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Stirling Engine Answered

I have a 4.3l v6 that came out of a s-10 pickup.
 I was wondering if i could make it run on the stirling cycle? It is a 90 degree v6 so it should work, This is the only site i could think of to post this question on. I was thinking i would isolate the waterjackets to the right and left bank of cylinders then heat one side and cool the other. I am good with engines and am skilled in the garage. I'm just tinkering. Maybe run a generator with it if it runs. I have a welder, plasma cutter, ect and can use them. Just kinda throwin it out there...


The pistons are at the right angle from eachother, and I was thinking I would connect 1to2 3to4 and 5to6, cool 1,3,and 5, heat 2,4,and 6 I could then keep the stock crank and take out the valves and fill the guides, take off the rockers, and rods. As for frictional losses, if I took left the compression ring and replaced the others with leather gasket material or something similar that would reduce a lot of the friction. I've seen where guys have made a v twin run like this, it's the same, just with 4 more cylinders...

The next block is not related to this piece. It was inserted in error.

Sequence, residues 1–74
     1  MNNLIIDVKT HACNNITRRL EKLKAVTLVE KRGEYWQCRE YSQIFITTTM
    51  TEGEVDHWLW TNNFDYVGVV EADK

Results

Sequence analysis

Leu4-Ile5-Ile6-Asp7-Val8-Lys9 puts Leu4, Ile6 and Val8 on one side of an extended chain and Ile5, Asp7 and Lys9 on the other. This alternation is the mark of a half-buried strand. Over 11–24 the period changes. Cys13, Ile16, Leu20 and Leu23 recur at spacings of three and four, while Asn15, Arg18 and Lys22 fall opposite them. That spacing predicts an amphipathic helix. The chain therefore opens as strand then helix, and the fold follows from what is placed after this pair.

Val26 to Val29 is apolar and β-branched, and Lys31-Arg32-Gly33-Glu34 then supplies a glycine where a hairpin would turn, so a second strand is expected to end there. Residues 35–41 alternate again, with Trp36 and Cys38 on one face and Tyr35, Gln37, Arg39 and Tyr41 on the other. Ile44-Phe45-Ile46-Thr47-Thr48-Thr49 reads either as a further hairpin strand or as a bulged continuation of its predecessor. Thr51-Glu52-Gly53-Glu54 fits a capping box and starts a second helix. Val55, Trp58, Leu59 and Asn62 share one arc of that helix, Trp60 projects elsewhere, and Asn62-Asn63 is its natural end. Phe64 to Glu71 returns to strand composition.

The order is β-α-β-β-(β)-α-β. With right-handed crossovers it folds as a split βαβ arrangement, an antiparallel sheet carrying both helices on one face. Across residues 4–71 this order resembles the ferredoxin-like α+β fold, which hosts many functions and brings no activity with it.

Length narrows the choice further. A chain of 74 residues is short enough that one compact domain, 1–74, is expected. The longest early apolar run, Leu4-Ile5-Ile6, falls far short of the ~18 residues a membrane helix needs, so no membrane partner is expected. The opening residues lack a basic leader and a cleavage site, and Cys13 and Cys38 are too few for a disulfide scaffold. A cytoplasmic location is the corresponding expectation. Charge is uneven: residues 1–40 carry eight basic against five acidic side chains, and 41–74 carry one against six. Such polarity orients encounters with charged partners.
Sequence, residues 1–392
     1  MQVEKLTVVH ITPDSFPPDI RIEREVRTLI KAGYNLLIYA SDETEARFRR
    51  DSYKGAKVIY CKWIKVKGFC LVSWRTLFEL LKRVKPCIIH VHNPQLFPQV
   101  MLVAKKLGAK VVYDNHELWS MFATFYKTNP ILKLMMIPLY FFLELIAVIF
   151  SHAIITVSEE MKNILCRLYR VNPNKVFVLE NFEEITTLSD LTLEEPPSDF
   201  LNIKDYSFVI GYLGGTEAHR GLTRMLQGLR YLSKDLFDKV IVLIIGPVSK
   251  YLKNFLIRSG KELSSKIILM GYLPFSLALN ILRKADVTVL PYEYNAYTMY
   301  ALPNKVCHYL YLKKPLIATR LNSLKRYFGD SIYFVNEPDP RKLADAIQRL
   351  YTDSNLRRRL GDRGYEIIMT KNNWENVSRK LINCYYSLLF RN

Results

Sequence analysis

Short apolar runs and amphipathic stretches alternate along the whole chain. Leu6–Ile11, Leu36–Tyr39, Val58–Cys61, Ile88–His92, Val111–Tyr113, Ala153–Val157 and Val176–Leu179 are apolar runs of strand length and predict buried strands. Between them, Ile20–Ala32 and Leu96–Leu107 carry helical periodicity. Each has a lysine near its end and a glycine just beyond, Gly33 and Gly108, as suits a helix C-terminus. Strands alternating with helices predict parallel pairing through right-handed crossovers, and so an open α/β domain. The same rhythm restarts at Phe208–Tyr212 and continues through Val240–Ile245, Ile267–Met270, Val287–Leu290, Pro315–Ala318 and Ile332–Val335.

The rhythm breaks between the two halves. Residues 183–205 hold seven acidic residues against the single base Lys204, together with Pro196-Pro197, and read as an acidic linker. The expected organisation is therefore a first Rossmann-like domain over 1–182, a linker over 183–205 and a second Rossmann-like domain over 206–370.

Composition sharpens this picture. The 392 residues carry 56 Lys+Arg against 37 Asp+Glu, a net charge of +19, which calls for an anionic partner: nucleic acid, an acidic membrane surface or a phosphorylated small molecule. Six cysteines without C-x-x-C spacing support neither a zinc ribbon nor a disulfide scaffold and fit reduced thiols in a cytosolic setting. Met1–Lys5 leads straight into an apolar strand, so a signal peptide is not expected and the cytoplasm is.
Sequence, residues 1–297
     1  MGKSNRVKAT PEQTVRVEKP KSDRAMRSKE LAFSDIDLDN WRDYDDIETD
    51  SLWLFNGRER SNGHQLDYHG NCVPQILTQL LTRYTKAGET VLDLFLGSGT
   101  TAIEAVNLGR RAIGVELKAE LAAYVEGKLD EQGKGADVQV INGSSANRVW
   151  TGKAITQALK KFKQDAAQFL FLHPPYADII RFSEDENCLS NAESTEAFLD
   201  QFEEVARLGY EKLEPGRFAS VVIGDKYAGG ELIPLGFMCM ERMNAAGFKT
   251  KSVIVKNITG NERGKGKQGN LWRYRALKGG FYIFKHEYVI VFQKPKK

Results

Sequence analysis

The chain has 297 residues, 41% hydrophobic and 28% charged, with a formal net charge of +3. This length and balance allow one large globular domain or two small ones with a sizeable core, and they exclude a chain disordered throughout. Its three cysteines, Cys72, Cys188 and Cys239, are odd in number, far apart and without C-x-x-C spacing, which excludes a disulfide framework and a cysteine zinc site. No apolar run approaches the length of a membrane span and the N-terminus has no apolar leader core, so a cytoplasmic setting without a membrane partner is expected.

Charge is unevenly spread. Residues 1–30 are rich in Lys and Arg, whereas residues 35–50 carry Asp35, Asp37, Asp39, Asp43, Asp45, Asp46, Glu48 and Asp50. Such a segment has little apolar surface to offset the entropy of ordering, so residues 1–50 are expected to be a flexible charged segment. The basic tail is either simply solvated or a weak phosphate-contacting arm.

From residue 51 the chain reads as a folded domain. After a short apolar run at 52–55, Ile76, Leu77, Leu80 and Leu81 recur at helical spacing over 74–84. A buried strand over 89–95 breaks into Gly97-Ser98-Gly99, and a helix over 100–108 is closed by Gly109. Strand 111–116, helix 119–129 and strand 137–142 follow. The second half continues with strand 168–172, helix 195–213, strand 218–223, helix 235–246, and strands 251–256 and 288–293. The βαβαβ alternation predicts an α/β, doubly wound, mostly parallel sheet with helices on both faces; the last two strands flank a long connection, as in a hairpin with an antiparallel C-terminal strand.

.  It might be possible, but it doesn't sound very practical. By the time you invest the resources to modify the water jackets, manufacture a new crankshaft, install a new piston sealing system (ICE piston rings have a lot of frictional losses), get rid of the valve train, &c, &c, &c, you might as well build a Stirling from scratch.


8 years ago

it should be possible to run on steam but the stirling cycle does not seam to be possible on that kind of engine

I don't think so. The V6 works on different physical principles, it's not at all designed to work on a Stirling-cycle.